NHTSA has expanded a voluntary program designed to gather and share data on the testing and development of automated driving systems nationwide.
NHTSA’s Automated Vehicle Transparency and Engagement for Safe Testing (AV TEST) Initiative launched in June with the goal of providing the public with more access to data on AV testing and other information from states on local AV activity, legislation and regulation.
The agency on Monday said the pilot version has transitioned into a full program open to all stakeholders.
Previously, nine companies and nine states had signed up to participate, including Fiat Chrysler Automobiles, Toyota Motor Corp., Uber Technologies Inc., Waymo and Cruise — General Motors’ majority-owned self-driving subsidiary. States included California, Florida, Michigan, Ohio, Pennsylvania and Texas.
With the expansion, 52 stakeholders are now participating: 26 companies such as self-driving technology developers Valeo and Argo AI as well as 23 states and local governments and three associations, NHTSA Deputy Administrator James Owens said.
“The AV TEST Initiative is one of several programs underway at NHTSA to help address safety and innovation in the rapidly changing world of transportation,” Owens said in prepared remarks. “The auto industry is undergoing a technological revolution, and tens of billions of dollars have been invested in automation research and development that hold the potential one day to fundamentally change the way we drive and dramatically reduce vehicle-related deaths and injuries.”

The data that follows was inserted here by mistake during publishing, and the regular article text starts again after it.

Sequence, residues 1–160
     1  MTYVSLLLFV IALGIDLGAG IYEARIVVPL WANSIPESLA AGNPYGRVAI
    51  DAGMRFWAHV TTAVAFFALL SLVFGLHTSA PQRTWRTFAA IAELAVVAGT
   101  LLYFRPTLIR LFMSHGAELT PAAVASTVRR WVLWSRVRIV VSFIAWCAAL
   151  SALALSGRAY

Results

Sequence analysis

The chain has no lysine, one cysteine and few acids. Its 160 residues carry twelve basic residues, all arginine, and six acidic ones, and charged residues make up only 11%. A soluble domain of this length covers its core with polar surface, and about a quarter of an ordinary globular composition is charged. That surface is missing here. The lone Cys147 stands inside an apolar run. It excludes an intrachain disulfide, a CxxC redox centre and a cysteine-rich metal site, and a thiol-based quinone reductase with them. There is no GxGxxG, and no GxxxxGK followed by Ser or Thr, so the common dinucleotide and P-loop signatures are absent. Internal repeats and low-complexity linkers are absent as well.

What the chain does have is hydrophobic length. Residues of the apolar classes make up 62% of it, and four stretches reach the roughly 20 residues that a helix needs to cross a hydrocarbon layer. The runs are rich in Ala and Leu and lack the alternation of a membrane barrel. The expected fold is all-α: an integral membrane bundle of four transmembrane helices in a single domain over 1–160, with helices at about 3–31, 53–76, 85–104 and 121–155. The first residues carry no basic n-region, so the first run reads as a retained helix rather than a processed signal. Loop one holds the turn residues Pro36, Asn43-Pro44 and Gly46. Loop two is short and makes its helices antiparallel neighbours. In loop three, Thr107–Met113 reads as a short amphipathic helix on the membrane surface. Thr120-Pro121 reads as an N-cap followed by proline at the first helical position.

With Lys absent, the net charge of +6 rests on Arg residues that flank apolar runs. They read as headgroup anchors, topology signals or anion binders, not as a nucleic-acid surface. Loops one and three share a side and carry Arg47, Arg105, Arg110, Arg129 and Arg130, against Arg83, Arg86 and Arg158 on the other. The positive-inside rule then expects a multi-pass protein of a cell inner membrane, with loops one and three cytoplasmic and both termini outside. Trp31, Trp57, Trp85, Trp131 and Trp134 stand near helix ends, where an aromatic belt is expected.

The expanded program comes after NHTSA in September launched an online tracking tool that allows the public to view certain information submitted by states and companies that are testing vehicles equipped with automated driving systems on U.S. roadways.
Critics, including the Center for Auto Safety and the National Transportation Safety Board, have urged NHTSA to mandate federal safety standards for automated driving systems, while some industry stakeholders have applauded the voluntary and flexible aspects of the program.
NHTSA’s Owens said the agency has not yet issued new performance standards for automated driving systems because “this technology is still far from its endpoint.”
“To regulate technologies before they are market-ready could stifle their development and thus, their lifesaving potential,” he said. “Worse still, regulating without a full understanding of the technology could risk regulating the wrong aspects of performance and potentially lead to unexpected negative safety consequences in other ways.”